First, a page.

In a surprising development, the NBA’s power-balance has shifted once again.
Chris Paul is no longer a Clipper. He’s been sent off to Houston for a hefty haul that includes seven players–namely Patrick Beverley and Lou Williams–plus a first round pick in 2018.
Houston obviously benefits from this trade. Adding an elite player like Paul is always a victory. Plain and simple. There will certainly be issues for Mike D’Antoni to address, particularly concerning how James Harden will transition to more of a shooting role. But adding Paul, an elite facilitator and superb defender, unequivocally makes the Rockets more formidable.
The Clippers also benefit. Sure, the fact that they suddenly moved on from Paul officially marks the disappointing end to Lob City, an exciting, yet ill-fated era in which these Clippers will go down as one of the more notable “we could’ve, we should’ve, we would’ve!…we didn’t” teams in recent memory.
According to recent reports, however, Paul was destined to leave in free agency anyway. Getting anything in return, let alone a duo of solid guards in Beverley and Williams, as well as first round pick next year, is a win. Assuming Blake Griffin and DeAndre Jordan remain in town–in the case of Griffin, at least, that’s a big if — the return for Paul assures they will at least be competent next year.
The loser of this trade, though, is the NBA. The Rockets were already one of the five best teams in basketball. Los Angeles, meanwhile, at least had a fighting chance in the West with Paul and Griffin (if only they both could stay healthy when it mattered!). Now, however, the power in the West has become even more concentrated. One contender improves. Another disappears entirely. No new contenders are ultimately created.
There was already a cartel, of sorts, at the top of the Western Conference last season with Golden State, San Antonio, and Houston. Now the gap between those three teams and everyone else is even wider now that the Clippers, once comparable to at least the Rockets, are no longer a safe bet to make the playoffs.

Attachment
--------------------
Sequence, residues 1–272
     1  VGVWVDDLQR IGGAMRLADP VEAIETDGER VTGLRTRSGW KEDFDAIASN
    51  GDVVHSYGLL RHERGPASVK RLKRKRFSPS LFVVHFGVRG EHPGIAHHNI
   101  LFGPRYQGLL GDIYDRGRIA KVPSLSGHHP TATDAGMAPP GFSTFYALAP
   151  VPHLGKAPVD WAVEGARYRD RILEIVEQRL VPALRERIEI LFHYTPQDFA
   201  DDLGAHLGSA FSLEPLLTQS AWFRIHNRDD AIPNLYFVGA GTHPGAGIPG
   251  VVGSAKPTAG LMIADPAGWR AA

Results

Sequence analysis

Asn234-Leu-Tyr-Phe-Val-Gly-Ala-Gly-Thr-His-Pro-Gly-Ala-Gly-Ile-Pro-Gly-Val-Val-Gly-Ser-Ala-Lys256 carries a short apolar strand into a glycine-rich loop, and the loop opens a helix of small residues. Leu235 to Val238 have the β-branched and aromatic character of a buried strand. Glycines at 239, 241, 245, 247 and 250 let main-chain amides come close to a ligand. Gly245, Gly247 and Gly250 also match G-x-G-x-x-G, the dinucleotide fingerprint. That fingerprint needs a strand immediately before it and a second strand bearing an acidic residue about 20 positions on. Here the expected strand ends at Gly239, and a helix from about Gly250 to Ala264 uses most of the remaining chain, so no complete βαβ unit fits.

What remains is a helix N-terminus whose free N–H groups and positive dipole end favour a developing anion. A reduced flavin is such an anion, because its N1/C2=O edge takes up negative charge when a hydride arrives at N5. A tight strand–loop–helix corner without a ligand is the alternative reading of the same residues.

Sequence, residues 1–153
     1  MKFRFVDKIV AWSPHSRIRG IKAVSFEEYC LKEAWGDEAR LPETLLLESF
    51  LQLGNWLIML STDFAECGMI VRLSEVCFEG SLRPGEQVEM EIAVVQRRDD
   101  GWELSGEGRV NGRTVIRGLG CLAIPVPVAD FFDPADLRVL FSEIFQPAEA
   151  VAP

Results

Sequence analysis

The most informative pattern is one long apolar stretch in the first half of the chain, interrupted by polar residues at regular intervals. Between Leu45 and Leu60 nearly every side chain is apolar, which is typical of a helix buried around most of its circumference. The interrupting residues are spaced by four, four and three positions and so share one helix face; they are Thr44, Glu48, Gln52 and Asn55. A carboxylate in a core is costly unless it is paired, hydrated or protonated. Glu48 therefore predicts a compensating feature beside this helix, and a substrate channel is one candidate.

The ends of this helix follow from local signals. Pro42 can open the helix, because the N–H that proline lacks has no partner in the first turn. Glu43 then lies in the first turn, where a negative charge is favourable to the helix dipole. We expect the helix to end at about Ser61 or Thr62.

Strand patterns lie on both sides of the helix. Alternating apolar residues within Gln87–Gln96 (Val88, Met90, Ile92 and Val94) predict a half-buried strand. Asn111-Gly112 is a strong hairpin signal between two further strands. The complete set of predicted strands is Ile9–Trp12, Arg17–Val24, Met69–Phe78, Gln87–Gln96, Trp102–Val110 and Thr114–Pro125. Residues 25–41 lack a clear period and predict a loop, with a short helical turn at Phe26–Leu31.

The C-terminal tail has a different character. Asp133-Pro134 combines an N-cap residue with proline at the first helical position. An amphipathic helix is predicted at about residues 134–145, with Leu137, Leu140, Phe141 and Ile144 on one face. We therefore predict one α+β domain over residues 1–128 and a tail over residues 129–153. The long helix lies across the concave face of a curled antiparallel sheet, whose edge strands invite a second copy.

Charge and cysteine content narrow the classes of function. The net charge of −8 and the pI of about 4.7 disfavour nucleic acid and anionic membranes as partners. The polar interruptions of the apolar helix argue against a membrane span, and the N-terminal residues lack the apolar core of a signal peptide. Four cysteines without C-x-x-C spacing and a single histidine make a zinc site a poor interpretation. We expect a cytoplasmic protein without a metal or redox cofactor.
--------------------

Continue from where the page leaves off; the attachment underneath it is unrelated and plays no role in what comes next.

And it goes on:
What’s even more disconcerting is that this trade represents an alarming trend in the NBA. It’s not that it’s bad for a player like Paul to move to Houston. It’s actually pretty exciting. The problem, though, is that one great team gets better while another playoff team gets significantly worse. This development came into focus, of course, when Durant left Oklahoma City, effectively removing them from the ranks of elite franchises, and signed with Golden State, making an already spectacular team unstoppable. Again, no new contender was added.
Things could get even worse if–or, rather, when–Paul George leaves Indiana. Say he joins the Cavs, or even the Rockets, as some reports yesterday indicated is possible: Cleveland and Houston would become even stronger contenders…but the Pacers would be forced to reboot. In contrast, if George joins the Lakers, as he’s projected to do at some point, that would be fine! Indiana would still have to go back to the drawing board, but at least the struggling Lakers would be a playoff team again. Thus, the net effect in that scenario is zero, whereas if he left the Pacers for Cleveland, a contender would be reinforced rather than created.
(Of course, it’s not a problem if you come to my Celtics, Paul!)
In simple terms, the Paul trade is indicative of a troublesome trend in which the NBA’s power is being concentrated into fewer and fewer hands. Now Clippers fans, and soon the Pacers faithful as well, are far less likely to watch meaningful basketball next year and beyond.
Adam Silver shouldn’t interfere with trades, such as this one. But some sort of change to the salary cap is needed to make it more difficult and less enticing for multiple superstars to assemble on the same team.